View PostSean93, on 14 February 2013 - 02:12 PM, said:

I doubt looks would matter for any intelligent Christian/follower of Jesus.

But I bet there are those who think he was white.
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#133    scowl

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Posted 15 February 2013 - 05:05 PM

View PostParanoid Android, on 15 February 2013 - 03:42 AM, said:

I've got no problem with it, though I'm pretty sure whoever painted that picture intended Jesus to be on the right.

How can you tell? The guy on the right looks like an ordinary powerless human while the guy on the left clearly has tremendous supernatural powers. I'd put my money on the guy on the left.

Quote

You brought up Michael Jordan and said we should start making Jesus look like him.  I was just curious why.

Because Michael Jordan is a fine looking guy, better looking than this pale hippy that is supposed to be Jesus in old paintings. If there's nothing wrong with painting Jesus as a supermodel, why not update his look?


#134    Paranoid Android

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Posted 16 February 2013 - 03:45 AM

View Postscowl, on 15 February 2013 - 05:05 PM, said:

How can you tell? The guy on the right looks like an ordinary powerless human while the guy on the left clearly has tremendous supernatural powers. I'd put my money on the guy on the left.
:rolleyes: I honestly can't tell whether you're trolling right now, or whether you're just obtuse.


View Postscowl, on 15 February 2013 - 05:05 PM, said:

Because Michael Jordan is a fine looking guy, better looking than this pale hippy that is supposed to be Jesus in old paintings. If there's nothing wrong with painting Jesus as a supermodel, why not update his look?
I'd have nothing against it, though your "pale hippy" comment is very much a subjective statement.  Not everyone finds Michael Jordan that good looking.  Fact is, you're not going to find many people changing the archetypal Jesus-mould - the current depiction is steeped in centuries of artistic tradition.  If one or two people draw him differently the majority will still have the white robe/long-hair/beard in their mind's eye simply because that is what they are used to.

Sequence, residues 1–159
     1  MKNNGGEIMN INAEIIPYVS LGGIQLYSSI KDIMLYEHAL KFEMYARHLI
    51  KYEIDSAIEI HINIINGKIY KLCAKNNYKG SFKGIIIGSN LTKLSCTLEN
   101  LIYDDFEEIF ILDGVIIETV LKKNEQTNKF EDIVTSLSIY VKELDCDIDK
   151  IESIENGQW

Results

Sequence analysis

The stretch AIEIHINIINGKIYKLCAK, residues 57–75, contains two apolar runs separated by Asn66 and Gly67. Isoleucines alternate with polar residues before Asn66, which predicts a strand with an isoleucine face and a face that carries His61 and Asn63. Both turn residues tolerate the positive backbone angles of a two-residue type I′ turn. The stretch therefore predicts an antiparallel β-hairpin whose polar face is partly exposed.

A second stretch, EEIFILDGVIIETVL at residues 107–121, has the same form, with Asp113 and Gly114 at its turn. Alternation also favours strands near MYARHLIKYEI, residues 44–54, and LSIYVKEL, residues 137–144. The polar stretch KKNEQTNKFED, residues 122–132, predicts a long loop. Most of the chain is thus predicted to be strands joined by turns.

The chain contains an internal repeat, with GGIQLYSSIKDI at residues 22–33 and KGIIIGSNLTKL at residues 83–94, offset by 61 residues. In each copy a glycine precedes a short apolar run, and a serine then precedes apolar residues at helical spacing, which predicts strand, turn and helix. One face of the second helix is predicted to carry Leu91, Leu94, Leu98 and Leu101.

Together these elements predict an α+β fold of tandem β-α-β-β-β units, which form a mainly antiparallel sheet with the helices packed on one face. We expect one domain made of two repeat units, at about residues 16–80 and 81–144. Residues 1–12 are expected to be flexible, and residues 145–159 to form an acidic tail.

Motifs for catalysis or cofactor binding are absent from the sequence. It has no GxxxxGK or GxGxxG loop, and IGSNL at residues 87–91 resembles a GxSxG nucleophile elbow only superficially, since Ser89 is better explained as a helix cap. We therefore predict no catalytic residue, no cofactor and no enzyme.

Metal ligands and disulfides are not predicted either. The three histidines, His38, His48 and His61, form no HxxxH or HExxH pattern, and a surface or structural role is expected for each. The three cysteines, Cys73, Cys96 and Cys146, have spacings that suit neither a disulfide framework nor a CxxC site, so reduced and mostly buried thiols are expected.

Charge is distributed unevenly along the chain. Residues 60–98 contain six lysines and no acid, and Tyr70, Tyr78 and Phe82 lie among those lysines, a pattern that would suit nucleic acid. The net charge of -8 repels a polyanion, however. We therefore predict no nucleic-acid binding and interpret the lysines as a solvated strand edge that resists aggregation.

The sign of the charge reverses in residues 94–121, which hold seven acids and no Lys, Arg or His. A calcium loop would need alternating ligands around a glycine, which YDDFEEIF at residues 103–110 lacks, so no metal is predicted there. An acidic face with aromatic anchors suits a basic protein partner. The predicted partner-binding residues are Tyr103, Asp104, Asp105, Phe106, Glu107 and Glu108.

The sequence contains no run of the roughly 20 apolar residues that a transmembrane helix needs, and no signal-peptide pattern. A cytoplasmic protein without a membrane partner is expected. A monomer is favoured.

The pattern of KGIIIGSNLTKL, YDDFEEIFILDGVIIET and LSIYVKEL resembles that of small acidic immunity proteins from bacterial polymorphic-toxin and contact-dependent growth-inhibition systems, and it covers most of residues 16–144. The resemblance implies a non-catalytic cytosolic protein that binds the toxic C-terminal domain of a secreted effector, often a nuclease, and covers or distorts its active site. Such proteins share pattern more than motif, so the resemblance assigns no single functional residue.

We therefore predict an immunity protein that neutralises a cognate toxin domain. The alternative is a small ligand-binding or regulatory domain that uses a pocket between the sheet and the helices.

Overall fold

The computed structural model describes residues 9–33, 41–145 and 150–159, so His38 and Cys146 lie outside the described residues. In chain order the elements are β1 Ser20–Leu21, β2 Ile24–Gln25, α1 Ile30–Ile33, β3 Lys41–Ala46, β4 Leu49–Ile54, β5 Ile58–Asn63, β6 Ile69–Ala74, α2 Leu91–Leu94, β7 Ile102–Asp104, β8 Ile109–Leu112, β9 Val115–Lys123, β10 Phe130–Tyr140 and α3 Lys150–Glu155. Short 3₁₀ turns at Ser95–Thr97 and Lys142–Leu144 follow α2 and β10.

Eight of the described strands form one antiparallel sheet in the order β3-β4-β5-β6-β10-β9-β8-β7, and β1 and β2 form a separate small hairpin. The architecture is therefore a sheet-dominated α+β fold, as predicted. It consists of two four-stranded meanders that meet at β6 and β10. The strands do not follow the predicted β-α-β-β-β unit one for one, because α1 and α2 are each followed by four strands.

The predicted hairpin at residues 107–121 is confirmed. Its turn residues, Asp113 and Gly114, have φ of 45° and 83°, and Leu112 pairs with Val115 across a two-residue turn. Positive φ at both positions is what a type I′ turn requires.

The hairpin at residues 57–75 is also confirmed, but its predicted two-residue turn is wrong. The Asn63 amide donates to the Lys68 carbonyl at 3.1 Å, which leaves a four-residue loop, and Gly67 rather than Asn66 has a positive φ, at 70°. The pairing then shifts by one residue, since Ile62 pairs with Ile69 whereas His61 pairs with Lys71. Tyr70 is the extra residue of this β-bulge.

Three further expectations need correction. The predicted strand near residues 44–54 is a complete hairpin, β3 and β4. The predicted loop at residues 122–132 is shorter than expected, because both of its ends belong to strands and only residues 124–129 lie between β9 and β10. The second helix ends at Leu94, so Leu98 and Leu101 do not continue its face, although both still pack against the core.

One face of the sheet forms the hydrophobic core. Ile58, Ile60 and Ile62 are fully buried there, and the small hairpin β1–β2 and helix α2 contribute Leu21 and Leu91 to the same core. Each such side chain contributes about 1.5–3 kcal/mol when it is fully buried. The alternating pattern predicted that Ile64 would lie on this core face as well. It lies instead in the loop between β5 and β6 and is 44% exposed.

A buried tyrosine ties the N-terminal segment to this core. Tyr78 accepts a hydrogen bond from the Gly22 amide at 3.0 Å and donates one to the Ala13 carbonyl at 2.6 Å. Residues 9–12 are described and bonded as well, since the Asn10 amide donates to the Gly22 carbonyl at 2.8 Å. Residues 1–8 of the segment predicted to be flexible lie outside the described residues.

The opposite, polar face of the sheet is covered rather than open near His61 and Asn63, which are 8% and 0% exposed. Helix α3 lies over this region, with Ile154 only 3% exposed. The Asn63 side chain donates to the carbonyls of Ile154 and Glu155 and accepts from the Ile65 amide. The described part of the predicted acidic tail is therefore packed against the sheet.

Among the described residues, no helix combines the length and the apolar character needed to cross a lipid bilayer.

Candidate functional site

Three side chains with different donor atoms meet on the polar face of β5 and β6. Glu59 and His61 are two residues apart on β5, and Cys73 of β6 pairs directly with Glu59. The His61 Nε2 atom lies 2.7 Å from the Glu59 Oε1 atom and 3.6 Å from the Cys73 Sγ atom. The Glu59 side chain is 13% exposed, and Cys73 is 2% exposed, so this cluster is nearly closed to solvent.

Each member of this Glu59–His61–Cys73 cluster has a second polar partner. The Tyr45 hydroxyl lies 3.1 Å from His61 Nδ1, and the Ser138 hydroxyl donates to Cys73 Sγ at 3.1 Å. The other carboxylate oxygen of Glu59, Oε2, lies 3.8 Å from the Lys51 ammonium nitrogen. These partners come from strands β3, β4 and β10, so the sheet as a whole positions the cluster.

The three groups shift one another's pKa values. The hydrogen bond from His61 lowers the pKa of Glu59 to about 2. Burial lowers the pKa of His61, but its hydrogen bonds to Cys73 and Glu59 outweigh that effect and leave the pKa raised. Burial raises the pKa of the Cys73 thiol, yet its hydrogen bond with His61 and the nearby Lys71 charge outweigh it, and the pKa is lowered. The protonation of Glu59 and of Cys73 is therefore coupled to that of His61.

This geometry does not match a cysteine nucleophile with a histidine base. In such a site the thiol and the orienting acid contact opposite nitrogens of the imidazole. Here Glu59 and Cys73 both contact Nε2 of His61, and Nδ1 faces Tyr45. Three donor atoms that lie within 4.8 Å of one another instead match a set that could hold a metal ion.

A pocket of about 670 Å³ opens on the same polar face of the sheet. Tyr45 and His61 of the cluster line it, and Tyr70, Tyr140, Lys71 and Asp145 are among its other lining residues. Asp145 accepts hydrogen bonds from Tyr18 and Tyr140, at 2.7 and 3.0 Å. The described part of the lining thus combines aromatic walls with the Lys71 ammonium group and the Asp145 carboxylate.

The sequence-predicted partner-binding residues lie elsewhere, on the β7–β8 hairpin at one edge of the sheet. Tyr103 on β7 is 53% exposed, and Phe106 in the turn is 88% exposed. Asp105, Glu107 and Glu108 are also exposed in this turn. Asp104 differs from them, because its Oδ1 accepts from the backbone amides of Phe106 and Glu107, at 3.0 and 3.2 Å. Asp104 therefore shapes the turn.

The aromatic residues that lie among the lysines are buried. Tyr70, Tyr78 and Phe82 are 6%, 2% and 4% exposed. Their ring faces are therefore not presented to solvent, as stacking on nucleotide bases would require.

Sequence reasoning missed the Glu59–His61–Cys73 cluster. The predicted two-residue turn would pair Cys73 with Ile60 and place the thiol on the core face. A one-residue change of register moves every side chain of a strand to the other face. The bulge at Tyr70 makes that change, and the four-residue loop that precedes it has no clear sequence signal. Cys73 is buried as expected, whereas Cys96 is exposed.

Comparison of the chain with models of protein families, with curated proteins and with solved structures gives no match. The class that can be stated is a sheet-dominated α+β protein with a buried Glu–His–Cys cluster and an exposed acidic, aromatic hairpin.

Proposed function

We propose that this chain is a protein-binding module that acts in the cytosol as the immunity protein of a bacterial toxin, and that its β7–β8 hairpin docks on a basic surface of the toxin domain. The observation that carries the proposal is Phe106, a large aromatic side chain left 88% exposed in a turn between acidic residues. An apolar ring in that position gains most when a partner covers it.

Incidentally, the way you refer to Jesus as a "pale hippy", I'm not entirely certain you're not trolling here either!

Edited by Paranoid Android, 16 February 2013 - 04:32 AM.

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#135    ranrod

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Posted 16 February 2013 - 06:08 AM

View PostMr Walker, on 13 February 2013 - 11:35 PM, said:

Jesus (as opposed to god) is historically accepted as a real entity. The flying spaghetti monster is not.

  Second it does not matter what colour an imagined being with no influence over millions of people's live is, whereas it is important to maintain historicla verisimiltude as far as possible for a real human being worshipped by bilions.

But Jesus being a historical figure is not a fact.  A lie is a lie even if billions believe it.  The truth is the truth even if no one believes it.
Do you think there was a historical Jesus?  ...I'm not quite sure where you stand on that.
Bronze-age cultures invented the pre-cursors to Judaism and Christianity, and didn't have the slightest clue what was causing the things that were happening to them.  Why are their opinions more valid than ours?  How likely are their tales to be accurate?  I'd say no more than that of tribal men living in isolation today.
...btw, in answer to a previous post of yours, there are plenty of ugly people in the world with a ton of charisma.  A historical Jesus (if there was one), could look like the guy on the left of my original post, and be charismatic enough to gather followers.